• AC/DC was founded in 1973. Five years later, they were on their second vocalist, seventh bassist, and eighth drummer. Two years later, they had to replace the vocalist again after the incumbent one died. However, the lineup has stabilized since, with only a few personnel changes. And one drummer case takes the "Revolving" part to the extreme: Chris Slade was replaced in 1994 by the returning Phil Rudd (said eighth drummer, who recorded the band's best-known albums such as Back in Black), and replaced Rudd in 2015 once he was arrested and consequently expelled from the band. Between 2014 and 2016, four of the band's five longstanding members all left, with just founding guitarist Angus Young remaining from the Long-Runner Line-up that had existed just a few years prior. Three of those band members (Brian Johnson, Cliff Williams and Phil Rudd) rejoined AC/DC in 2018.
  • The Alan Parsons Project, centering around songwriters Parsons (also producer/engineer) and Eric Woolfson while the musicians rotated regularly. Woolfson sang and played piano from time to time; Parsons almost never sang (he talked through a digital vocoder on their first album).
  • Asia has even had musicians join and leave without ever recording.
  • While most bands tend to become more like revolving doors over time, The Beatles did the reverse. The original Quarrymen was a frequently-shifting lineup of teenagers: formed in 1956, Paul McCartney didn't join until 1957 and George Harrison until 1958, and it wasn't until 1959 that the group was reduced to just John Lennon, McCartney and Harrison. The band's revolving door tendency stops there, with just two major changes after that: In 1960-61 they took on, then lost, Stu Sutcliffe and went through a number of drummers before settling on Pete Best. Best was fired in favour of Ringo Starr in 1962, a few months after they got their original big recording contract, and the lineup was almost completely stable (minus Ringo and Harrison's brief and unannounced resignations during the recording of The White Album and Let It Be, respectively) from then until the band dissolved once and for all in 1970. (Apart from the Quarrymen reunion that didn't include any of the Fab Four...)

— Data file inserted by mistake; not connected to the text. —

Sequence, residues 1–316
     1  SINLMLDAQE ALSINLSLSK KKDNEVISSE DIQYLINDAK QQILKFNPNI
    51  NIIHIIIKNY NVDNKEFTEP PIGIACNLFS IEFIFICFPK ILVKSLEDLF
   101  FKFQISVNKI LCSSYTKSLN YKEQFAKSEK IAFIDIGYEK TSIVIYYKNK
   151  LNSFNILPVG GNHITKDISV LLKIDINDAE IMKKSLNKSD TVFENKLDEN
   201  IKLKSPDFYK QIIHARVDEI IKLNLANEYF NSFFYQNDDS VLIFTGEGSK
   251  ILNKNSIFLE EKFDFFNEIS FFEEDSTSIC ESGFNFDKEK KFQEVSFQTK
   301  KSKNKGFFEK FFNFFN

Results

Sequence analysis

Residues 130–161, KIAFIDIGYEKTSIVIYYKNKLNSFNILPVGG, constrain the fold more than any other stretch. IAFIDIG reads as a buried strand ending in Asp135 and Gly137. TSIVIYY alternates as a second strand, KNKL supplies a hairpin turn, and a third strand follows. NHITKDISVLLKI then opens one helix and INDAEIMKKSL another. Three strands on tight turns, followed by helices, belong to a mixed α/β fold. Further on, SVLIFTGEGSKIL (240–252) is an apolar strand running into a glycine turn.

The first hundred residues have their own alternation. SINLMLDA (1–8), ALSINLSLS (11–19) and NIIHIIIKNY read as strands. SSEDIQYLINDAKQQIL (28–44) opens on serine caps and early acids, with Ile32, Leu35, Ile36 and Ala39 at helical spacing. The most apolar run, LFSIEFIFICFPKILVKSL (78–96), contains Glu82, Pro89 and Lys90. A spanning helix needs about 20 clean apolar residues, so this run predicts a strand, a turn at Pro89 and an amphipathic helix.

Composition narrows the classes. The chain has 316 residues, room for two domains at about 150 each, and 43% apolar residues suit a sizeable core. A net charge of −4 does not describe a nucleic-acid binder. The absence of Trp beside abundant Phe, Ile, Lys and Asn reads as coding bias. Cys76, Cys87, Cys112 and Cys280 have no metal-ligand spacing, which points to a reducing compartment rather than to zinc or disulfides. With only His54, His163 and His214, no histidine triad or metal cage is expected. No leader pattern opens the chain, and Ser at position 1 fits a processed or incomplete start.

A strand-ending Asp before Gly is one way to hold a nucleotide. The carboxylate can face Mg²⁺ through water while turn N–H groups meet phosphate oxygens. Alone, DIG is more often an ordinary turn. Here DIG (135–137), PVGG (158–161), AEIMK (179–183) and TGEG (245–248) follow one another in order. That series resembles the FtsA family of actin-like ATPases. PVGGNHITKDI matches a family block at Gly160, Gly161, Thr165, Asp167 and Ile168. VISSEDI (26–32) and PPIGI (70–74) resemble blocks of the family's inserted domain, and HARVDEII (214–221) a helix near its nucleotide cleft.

• Boston: After going through many lineup changes and members (with Fran Cosmo and Stryper founder Michael Sweet being among their ranks), founder/multi-instrumentalist Tom Scholz is the only original member left. Brad Delp, the lead singer on all of the band's hits, was also the closest thing they had to a second consistent original member, but even he had two separate tenures with Boston before his death in 2007.
  • Buckcherry went through many guitarists, bassists and drummers, but only lead singer Josh Todd has performed on all their albums.
  • The Black Crowes are the brothers Chris and Rich Robinson, and whoever else they can get to play with them at the time. Drummer Steve Gorman comes the closest to being the third constant, having joined the band in their second year, and only missing a couple months after they reformed (after their first breakup). When the band reunited in 2019, the Robinson brothers hired a new backing band.
  • Southern rockers Blackfoot changed membership throughout its career, with something like 40 musicians passing through its ranks. The group retained only lead singer Rickey Medlocke throughout all of the changes until 1997 when he retired to re-join his old band, Lynyrd Skynyrd. The most notable change came in 2012, when the entire lineup, including original member Greg T. Walker, were replaced by younger hired hands and began recording new material, produced by Medlocke. Many fans of the band have accused this new lineup of being nothing short of a glorified cover band.
  • The Byrds from 1966 to 1969. Roger McGuinn was all that remained of the founding line-up throughout its tenure.